Will and guardianship. Update your will to include your children and to designate a guardian for them if you and your spouse both die. You can also include instructions for the guardian, and you may want to set up a trust with more details for how your heirs will inherit the money. This could be a good time to meet with an estate-planning attorney to help determine the best legal documents to make your wishes known for your family. Be sure to update your estate plans whenever you have another child.

Beneficiary designations. Review the beneficiary designations on your retirement-savings plans and other accounts.

Empty Nest

Assess your estate-planning needs again after your kids move out and are supporting themselves. Rather than protecting your family if you die early, you may now be able to use your estate to help the next generation or build a legacy. You may now have some grandchildren you’d like to help, or may be able to afford to leave some money to charity.

Life insurance. Reassess your life insurance needs now that your kids are on their own. Do you still need the coverage to help your spouse pay the mortgage and other bills without your income? If you have a permanent life insurance policy, consider whether you want to keep the coverage or if you want to make a tax-free transfer to buy an annuity for lifetime income or to pay for long-term care insurance premiums. See What to Do With Life Insurance You No Longer Need for more information about making a tax-free transfer from life insurance to an annuity or long-term care insurance.

Review your will. Now that your kids are adults, review your will and any trusts. You won’t need guardians for them anymore, but may still want some control over how and when they inherit the money. If you have grandchildren now, think about how you’d like to include them in your estate plan. Also update your will if you buy new property or have additional assets, and especially if you’ve divorced and remarried. A trust can help if you want to leave some income to your current spouse but also leave money to your children from your first marriage. You may also be in a financial situation to be able to leave some money to charity, too.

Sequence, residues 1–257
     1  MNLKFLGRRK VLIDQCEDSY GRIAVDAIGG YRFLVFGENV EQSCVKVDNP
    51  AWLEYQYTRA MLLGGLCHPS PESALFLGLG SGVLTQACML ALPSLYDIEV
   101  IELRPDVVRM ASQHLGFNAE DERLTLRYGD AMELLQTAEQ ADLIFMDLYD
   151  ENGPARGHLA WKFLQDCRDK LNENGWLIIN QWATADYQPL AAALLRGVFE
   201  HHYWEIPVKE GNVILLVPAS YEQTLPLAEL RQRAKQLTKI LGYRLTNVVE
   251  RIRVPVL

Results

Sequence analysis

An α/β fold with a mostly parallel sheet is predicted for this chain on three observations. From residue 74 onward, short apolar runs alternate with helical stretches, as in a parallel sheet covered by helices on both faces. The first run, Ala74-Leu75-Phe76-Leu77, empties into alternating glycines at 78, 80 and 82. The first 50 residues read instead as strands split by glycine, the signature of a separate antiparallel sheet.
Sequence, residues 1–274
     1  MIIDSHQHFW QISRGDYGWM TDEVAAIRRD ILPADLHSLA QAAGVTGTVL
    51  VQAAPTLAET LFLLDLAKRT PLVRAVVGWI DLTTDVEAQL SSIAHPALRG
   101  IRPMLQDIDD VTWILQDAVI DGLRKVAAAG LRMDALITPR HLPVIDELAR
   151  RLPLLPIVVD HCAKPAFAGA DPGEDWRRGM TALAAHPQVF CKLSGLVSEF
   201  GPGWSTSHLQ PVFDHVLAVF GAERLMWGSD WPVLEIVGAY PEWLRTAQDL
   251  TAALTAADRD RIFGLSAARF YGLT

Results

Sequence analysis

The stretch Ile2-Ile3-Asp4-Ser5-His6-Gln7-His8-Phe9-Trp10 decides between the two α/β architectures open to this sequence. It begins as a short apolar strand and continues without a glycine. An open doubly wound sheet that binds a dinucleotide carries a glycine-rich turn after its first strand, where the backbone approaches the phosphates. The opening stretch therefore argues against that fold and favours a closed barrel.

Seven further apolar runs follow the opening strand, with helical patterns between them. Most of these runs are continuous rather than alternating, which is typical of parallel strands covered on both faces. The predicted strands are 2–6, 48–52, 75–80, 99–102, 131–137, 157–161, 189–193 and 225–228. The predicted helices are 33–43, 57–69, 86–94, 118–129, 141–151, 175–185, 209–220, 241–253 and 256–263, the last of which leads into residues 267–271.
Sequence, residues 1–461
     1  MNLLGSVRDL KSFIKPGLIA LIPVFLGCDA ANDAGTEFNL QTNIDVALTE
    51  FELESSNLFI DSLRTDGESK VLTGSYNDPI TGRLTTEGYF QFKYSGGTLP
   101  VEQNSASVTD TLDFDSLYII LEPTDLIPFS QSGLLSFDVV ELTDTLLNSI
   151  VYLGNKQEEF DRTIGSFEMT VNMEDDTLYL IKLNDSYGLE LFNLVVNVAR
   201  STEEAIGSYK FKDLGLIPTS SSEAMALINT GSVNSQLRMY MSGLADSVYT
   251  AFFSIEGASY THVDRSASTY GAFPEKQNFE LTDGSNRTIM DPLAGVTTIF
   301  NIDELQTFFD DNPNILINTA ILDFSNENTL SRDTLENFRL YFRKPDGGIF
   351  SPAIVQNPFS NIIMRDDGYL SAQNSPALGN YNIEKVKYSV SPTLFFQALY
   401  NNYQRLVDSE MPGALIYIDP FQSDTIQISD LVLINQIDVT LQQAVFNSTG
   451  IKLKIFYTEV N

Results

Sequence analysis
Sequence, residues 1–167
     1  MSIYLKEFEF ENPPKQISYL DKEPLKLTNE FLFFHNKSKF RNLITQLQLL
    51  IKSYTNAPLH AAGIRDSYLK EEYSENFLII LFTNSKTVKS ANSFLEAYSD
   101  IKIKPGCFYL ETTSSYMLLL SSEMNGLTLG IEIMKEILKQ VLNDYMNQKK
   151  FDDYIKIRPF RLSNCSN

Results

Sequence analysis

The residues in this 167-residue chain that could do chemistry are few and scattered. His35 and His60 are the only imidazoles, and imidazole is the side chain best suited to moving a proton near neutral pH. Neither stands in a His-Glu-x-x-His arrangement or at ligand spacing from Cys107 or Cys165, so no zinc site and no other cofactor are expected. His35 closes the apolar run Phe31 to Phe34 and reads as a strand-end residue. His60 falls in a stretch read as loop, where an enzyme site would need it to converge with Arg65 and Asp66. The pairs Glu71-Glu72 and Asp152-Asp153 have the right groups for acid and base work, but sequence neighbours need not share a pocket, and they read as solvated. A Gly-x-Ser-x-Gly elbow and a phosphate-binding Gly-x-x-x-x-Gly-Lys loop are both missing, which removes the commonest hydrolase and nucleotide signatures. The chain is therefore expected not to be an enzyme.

Beneficiary designations. Review your beneficiary designations to make sure your accounts continue to pass to the people you want. Understand the tax rules for inherited accounts when choosing your beneficiaries. Your spouse can roll an inherited IRA into his or her own account and postpone required minimum distributions until he or she turns 70 ½. Non-spouse beneficiaries (such as your children) can roll over the money to an inherited IRA and spread withdrawals over their lifetimes, but they usually need to start taking required withdrawals starting in the year after they inherit the account. For more information, see the IRS’s Required Minimum Distributions for IRA Beneficiaries.


After you retire, your estate-planning needs change yet again. This can be a good time to think about your legacy and what you want your estate to accomplish. It’s also important to consider who will make financial and medical decisions for you if you’re unable to do so yourself as you get older.

Beneficiary designations. Review the beneficiary designations on your retirement plans again. Make sure your spouse has enough money to live on in retirement, and you may also want to help out your kids, grandkids or a charity.

Life insurance. If you still have life insurance, review whether or not you still need the coverage or if you want to start taking withdrawals or make a tax-free transfer to an annuity for lifetime income or to pay long-term care insurance premiums.

Review your will to consider grown children and any grandchildren. When you have an idea of your financial footing in retirement, you may also want to leave some money to charity.

Health-care documents. Have a health-care power of attorney to designate someone to make medical decisions on your behalf if you’re unable to do so yourself. Also consider a living will specifying your wishes for end-of-life care.

Power of attorney. You may also want to create a durable power of attorney, naming a trusted relative to other person to make financial decisions on your behalf if you’re unable to do so yourself.

For help with estate planning ask your financial advisor or CPA to recommend an estate-planning attorney with experience in your state. You can also find one through the American College of Trust and Estate Counsel or the National Academy of Elder Law Attorneys.